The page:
First-time buyers are better off than renters due to low interest rates, despite increases in the average deposit and mortgage payment, according to Halifax.
Data from the bank’s buying vs renting review found the gap between the cost of buying and renting had increased by 8 per cent in the past 12 months.
Monthly rental costs have increased by 10 per cent to £821 in the past year, while monthly buying costs increased by 1 per cent to £753 during the same period.
The review is based on the average cost to buy a three-bedroom property with a mortgage, including costs such as for household maintenance and insurance, compared to the average monthly rent for the same type of property.
According to Halifax, the average deposit put down by a first-time buyer rose by £11,677 since before the start of the pandemic (March 2020) to £58,986 and the average mortgage payment also increased.
But the bank added that low interest rates meant mortgage payments grew by less than rental payments, despite rises in the average deposit and mortgage payments.
Data from Moneyfacts shows the average two-year fixed rate at all LTVs was 2.57 per cent at the start of March 2021, up 0.14 percentage points year-on-year.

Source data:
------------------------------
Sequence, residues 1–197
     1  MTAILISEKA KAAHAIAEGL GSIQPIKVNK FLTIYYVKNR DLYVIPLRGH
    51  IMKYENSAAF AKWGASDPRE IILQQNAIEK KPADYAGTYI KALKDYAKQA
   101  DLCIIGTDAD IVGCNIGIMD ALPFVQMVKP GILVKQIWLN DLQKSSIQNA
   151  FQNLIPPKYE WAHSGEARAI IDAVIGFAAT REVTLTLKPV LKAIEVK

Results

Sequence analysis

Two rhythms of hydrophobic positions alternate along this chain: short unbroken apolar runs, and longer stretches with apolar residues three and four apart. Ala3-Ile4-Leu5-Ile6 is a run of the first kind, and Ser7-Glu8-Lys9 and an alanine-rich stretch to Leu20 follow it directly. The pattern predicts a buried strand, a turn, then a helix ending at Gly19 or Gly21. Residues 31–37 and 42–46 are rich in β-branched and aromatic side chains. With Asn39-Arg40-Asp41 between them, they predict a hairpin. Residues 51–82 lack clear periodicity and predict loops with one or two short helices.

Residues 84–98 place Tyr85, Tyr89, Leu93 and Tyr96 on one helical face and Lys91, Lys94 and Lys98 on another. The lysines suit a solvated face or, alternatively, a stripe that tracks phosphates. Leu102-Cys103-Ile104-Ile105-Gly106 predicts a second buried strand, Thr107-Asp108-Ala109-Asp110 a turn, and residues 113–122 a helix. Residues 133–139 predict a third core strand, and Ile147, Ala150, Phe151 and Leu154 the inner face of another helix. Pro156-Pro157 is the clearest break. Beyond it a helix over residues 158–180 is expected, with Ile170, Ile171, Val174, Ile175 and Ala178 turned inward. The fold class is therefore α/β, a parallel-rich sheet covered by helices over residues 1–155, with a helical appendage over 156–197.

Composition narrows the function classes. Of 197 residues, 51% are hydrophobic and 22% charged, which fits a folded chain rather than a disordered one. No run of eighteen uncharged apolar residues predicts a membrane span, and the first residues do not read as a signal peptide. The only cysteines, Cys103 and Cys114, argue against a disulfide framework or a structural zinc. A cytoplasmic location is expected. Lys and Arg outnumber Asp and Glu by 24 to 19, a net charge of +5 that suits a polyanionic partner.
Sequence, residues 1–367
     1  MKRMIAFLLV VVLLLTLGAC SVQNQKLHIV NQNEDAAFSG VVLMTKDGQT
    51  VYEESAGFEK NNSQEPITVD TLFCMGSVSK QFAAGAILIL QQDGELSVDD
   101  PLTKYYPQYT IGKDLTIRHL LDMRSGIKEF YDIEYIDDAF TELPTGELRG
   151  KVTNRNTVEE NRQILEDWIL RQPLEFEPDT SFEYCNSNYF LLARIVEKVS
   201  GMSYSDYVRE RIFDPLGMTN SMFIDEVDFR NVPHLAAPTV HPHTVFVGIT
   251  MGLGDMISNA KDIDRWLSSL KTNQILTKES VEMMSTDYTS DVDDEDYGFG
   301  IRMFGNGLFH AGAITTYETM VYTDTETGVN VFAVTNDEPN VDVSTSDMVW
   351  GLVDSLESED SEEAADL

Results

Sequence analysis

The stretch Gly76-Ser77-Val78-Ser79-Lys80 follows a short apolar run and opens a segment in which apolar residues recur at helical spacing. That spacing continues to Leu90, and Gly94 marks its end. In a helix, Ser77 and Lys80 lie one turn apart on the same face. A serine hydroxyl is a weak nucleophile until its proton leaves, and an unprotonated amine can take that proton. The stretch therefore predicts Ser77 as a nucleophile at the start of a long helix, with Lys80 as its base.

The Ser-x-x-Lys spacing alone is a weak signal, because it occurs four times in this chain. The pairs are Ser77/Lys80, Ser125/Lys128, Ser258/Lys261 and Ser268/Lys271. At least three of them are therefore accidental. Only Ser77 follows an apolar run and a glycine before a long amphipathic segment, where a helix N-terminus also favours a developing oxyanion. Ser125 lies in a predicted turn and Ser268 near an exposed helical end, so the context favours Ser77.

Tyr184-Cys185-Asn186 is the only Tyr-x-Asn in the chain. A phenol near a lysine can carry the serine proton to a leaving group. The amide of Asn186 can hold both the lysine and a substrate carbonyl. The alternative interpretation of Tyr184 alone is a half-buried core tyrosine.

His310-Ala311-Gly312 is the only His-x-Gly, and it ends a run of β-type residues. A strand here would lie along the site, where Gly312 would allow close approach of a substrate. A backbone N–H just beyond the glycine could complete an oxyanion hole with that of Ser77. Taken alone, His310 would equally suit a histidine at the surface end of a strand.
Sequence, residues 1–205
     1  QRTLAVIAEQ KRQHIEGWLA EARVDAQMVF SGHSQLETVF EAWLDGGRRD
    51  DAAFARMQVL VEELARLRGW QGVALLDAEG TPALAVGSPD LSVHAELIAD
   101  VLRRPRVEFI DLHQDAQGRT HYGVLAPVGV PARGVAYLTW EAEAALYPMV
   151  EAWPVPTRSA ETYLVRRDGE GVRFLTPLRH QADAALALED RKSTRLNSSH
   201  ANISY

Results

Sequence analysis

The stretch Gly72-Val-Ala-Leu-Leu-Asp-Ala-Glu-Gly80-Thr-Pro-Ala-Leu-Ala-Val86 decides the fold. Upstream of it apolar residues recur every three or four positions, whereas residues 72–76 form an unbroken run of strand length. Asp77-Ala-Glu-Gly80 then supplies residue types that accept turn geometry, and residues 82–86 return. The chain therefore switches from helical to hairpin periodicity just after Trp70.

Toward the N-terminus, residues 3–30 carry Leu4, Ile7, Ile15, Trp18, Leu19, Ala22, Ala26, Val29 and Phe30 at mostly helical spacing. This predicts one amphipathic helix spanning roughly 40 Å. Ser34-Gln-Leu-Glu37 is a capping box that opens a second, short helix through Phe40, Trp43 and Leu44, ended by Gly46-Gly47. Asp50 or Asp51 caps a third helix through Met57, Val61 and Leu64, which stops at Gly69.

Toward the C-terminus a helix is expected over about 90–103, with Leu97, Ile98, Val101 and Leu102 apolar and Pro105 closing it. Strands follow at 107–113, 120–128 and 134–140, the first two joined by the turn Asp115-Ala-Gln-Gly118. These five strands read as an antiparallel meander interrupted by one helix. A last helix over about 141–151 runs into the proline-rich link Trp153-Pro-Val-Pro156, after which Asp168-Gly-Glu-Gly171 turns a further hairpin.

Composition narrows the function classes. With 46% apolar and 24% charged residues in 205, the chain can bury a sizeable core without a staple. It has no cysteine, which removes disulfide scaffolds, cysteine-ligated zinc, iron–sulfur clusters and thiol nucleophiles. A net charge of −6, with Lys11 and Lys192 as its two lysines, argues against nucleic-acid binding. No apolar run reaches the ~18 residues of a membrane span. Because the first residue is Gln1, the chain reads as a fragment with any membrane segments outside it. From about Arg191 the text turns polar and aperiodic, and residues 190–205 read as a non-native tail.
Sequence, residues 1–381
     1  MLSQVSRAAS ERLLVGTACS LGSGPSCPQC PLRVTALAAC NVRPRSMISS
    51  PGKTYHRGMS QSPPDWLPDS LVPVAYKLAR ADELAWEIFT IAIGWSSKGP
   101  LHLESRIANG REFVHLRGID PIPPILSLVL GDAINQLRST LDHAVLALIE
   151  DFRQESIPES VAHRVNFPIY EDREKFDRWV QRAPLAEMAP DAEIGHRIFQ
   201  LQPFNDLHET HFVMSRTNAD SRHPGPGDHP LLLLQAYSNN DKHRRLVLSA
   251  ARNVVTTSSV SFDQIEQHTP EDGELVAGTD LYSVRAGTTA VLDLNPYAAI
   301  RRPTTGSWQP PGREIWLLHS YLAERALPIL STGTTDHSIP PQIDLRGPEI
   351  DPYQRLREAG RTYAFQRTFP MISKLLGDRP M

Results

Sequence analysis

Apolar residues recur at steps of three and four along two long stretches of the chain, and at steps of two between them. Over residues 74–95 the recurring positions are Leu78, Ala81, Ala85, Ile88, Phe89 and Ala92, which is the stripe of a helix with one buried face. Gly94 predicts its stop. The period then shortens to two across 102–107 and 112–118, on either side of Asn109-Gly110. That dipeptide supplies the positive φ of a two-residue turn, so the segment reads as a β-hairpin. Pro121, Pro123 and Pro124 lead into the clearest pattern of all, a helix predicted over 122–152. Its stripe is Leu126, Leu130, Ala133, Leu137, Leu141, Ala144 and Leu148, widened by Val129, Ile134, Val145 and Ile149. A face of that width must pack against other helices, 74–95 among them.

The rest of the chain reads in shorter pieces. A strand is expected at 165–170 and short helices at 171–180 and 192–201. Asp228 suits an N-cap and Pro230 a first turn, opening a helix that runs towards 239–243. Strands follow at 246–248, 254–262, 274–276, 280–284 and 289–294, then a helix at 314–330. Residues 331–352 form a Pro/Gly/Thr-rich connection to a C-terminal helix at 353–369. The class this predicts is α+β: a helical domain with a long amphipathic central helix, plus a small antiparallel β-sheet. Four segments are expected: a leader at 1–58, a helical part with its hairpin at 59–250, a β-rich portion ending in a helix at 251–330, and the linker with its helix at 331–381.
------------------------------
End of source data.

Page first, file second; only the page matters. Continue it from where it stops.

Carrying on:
The equivalent five-year fixed rate, meanwhile, was broadly unchanged at 2.75 per cent, an increase of 0.01 percentage points.
Andrew Asaam, mortgages director at Halifax, said: “Lockdown restrictions may have held back renters planning to buy a property during the past year with its practical challenges, and while the stamp duty holiday race has helped drive record levels of mortgage approvals, the cost of renting has crept up in the same period.”
Asaam added: “Raising a deposit is still the biggest challenge for those looking to get on to the property ladder, but the average first home deposit has gone up by another £11,000 since the start of the pandemic.
“We know that first-time buyers will benefit from steps that make finding a deposit more of a reality and the new Help to Buy mortgage guarantee scheme could be a gamechanger for those saving hard to take the first step and often paying rent at the same time. We have also committed to lending £10bn in 2021 to help people buy their first home this year.”
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